The June issue of Boston College Law Review is now available. The issue features two articles by outside authors as well as three student notes. Summaries of the five pieces can be found below. The full texts are also available on the BCLR website.

1.  Rethinking Feres: Granting Access to Justice for Service Members by Professor Andrew F. Popper

Professor Popper’s Article discusses the Supreme Court’s 1950 decision in Feres v. United States and its interpretation of the Federal Tort Claims Act. In that case, the Court placed dramatic limits on civil tort claims brought by military service members who are injured “incident to service.” Citing sexual assault and medical malpractice as examples of such an injury, Professor Popper argues that Feres should be overruled and the FTCA amended to allow service members access to justice in Article III courts.

2. The Death Penalty and the Fundamental Right to Life by Professor Kevin M. Barry 

Professor Barry's Article analyzes the existing precedent surrounding the death penalty and argues that in addition to challenging the death penalty under the Eighth Amendment, the death penalty should also be challenged under substantive due process. Professor Barry argues that the death penalty violates the fundamental right to life because it deprives the condemned of this right-to-life in violation of substantive due process and that the right-to-life challenge is not inconsistent with the Fifth Amendment’s text or abortion rights.                

Student Notes

1. Problem with Your Bank Account? Tell It to the . . . Arbitrator? by Michael Koch
In his Note, Michael Koch discusses Congress’s repeal for the Consumer Financial Protection Bureau’s “Arbitration Rule” and its ramifications—consumers are nearly universally precluded from joining class-action claims against large financial institutions due to the widespread and largely unfettered use of class-action waivers in arbitration agreements. Michael’s Note argues that class-action waivers should be regulated to ensure that individuals with inferior bargaining power and legal resources are not subjected to poor treatment at the hands of their banks. 
2. Promise-Induced False Confessions: Lessons from Promises in Another Context by Margaux Joselow

Margaux Joselow’s Note examines why our criminal justice system fails to recognize the coercive role played by promises of leniency in inducing confessions while it more readily acknowledges the coercive role such promises play in eliciting plea bargains. Her Note argues that jury instructions that help the jury better detect, understand, and weigh confession testimony can close the unwarranted gap between procedural safeguards governing promise-induced admissions of guilt during plea discussions and interrogations. Her Note also proposes a model instruction, which conveys the relevant scientific and legal principles in a way that will impact jurors’ verdicts in false confession cases.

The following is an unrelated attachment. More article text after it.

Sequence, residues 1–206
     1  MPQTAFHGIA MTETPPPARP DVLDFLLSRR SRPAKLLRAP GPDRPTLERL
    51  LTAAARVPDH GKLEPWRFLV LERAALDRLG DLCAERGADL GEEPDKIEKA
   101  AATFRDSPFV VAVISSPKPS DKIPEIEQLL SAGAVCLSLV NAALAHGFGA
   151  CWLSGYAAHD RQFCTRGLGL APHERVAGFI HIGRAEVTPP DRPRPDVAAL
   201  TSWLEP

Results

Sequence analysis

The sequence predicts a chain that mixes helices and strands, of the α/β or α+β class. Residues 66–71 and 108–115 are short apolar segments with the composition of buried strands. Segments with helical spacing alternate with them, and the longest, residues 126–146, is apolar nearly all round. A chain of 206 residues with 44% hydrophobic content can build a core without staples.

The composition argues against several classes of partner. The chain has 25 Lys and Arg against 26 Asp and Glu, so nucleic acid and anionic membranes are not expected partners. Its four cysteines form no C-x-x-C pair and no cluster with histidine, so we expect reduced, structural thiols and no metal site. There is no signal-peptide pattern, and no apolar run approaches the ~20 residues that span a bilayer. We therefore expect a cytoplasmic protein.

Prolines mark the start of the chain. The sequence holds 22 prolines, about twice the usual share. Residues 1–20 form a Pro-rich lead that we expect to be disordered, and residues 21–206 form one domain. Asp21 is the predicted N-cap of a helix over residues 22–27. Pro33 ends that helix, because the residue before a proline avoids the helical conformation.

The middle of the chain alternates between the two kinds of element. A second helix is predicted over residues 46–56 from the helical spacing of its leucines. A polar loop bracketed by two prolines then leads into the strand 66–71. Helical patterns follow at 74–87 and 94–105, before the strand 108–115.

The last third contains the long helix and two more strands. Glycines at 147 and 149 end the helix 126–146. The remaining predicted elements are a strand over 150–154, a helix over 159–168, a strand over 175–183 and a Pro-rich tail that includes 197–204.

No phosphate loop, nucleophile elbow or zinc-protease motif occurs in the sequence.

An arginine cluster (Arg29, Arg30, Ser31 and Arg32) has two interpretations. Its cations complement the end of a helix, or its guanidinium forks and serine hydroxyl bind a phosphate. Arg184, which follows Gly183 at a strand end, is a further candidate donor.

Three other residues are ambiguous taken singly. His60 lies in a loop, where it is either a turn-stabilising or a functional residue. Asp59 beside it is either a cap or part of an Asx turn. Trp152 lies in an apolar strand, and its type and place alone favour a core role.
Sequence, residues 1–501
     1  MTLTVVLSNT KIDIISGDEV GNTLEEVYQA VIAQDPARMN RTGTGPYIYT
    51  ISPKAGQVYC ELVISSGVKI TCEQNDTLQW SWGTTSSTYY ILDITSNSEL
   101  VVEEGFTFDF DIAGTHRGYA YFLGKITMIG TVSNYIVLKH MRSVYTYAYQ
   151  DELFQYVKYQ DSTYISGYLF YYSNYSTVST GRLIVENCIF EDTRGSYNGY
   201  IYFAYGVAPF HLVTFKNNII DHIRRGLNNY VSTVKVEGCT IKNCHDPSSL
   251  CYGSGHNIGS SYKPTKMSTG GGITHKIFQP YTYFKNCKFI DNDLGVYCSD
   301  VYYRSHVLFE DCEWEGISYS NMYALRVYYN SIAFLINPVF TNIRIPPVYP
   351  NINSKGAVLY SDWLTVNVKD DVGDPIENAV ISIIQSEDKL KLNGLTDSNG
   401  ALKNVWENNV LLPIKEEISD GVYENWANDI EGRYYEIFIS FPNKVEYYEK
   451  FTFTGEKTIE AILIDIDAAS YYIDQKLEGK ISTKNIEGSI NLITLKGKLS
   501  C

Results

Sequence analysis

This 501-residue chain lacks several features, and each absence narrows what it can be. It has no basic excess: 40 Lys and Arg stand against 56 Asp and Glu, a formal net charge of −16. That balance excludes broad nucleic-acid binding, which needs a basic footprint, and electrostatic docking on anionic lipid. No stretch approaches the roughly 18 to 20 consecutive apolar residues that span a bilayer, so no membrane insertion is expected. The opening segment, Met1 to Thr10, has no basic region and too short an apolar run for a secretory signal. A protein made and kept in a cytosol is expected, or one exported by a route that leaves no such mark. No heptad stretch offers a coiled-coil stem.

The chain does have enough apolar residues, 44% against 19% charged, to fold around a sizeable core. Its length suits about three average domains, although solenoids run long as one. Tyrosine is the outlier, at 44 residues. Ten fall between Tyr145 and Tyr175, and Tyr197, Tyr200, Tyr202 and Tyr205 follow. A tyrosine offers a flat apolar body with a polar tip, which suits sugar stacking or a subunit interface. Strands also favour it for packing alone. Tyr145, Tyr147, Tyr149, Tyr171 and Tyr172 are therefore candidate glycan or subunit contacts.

3. The Need for Increased Possibility of Director Liability: Refusal to Dismiss In re Wells Fargo & Co. Shareholder Derivative Litigation, a Step in the Right Direction by Claudia Restrepo

In her Note, Claudia Restrepo focuses on the oversight liability doctrine and argues that it is applied too narrowly, at least at the motion to dismiss stage, to deter director misconduct and encourage adequate oversight by directors. Claudia uses the Wells Fargo corporate scandal and the directors’ failure of oversight as a case study and argues that the rare decision in In re Wells Fargo was a positive step that sends a firm message to directors that they cannot disregard their duties and expect complete protection from liability. 

4. “Maybe Someone Dies”: The Dilemma of Domestic Terrorism and Internet Edge Provider Liability by Emily B. Tate                   

Emily B. Tate’s Note explores the intersection of far-right domestic terrorism and radicalization on the Internet. With the recent swell of domestic terror incidents in the United States, media attention has turned to social media and other online spaces where users ostensibly self-radicalize to political extremism. For those spaces that actively foster radicalization, evading liability for providing material support to terrorism has historically been easy, thanks to gaps in domestic terrorism law and Section 230 of the Communications Decency Act. This Note proposes a moderate solution of filling those gaps while preserving the strength of the CDA, thereby punishing only bad actors and leaving freedoms of the Internet untouched.

5. Bare Necessity: Simplifying the Standard for Admitting Showup Identifications by J.P. Christian Milde

In his Note, J.P. Christian Milde discusses the Supreme Court’s complex and unreliable test governing the admission of eyewitness identifications and proposes a simplified admissibility test for those identifications made using showup procedures. To contextualize his proposal, Christian surveys the stances of all fifty states and reviews the modern scientific understanding of memory and suggestion, concluding that courts should consider only whether a showup was necessary to decide the resulting identification’s admissibility. By synthesizing advancing science and existing law, Christian’s Note demonstrates that its proposed simplification is not only sound policy but is also permissible and advisable under current Supreme Court doctrine.